Dear HBO, Have you considered costume pattern licensing? With a new trailer for season 6, and season 5 out on DVD, here’s a look at completely official Game of Thrones sewing patterns sewing patterns inspired by Game of Thrones.

Game of Thrones / The Hobbit: The Desolation of Smaug costume pattern S1347 in a 2014 lookbook
Fantasy Play in Simplicity’s lookbook, 2014. Image: Andrea Schewe.
Sansa Stark / Game of Thrones costume pattern S1137 in Simplicity Summer 2015 lookbook
Dark Faerie Tales in Simplicity’s lookbook, Summer 2015. Image: 3D Issue.

Costume designer Michele Clapton won three Emmys for her work on the first five seasons of Game of Thrones. Season 6 will see a new costume designer for the series: April Ferry, who designed the Emmy Award-winning costumes for HBO’s Rome (2005-2007)—which also starred Tobias Menzies, Indira Varma, and Ciarán Hinds. (Read a Costume Designers Guild bio here.)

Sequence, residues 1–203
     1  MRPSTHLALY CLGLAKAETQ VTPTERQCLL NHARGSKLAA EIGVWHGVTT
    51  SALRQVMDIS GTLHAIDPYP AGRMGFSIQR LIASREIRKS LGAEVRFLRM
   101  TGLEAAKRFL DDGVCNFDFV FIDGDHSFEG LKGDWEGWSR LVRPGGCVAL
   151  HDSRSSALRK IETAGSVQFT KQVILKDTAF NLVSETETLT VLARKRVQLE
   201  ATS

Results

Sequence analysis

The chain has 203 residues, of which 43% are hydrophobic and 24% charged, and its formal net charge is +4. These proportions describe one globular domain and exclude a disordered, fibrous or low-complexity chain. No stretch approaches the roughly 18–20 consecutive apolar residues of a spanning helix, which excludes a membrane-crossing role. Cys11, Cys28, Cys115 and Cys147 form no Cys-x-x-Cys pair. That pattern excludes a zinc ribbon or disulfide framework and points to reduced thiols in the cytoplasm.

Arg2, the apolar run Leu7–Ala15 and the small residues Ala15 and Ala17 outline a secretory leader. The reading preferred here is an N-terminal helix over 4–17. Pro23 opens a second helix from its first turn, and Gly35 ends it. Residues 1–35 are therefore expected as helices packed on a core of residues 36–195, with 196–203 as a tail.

Ciarán Hinds as Julius Caesar in HBO's Rome (2005) - costumes by April Ferry
Still of Ciarán Hinds as Julius Caesar in Rome (2005) Image: HBO / IMdB.

Update: Michele Clapton returned as costume designer during season 6, winning two more Emmys for “The Winds of Winter” and season 7’s “Beyond the Wall.”

Daenerys Targaryen's coat from "Beyond the Wall" - Game of Thrones season 7
Costume for Daenerys Targaryen from “Beyond the Wall.” Image: Making Game of Thrones.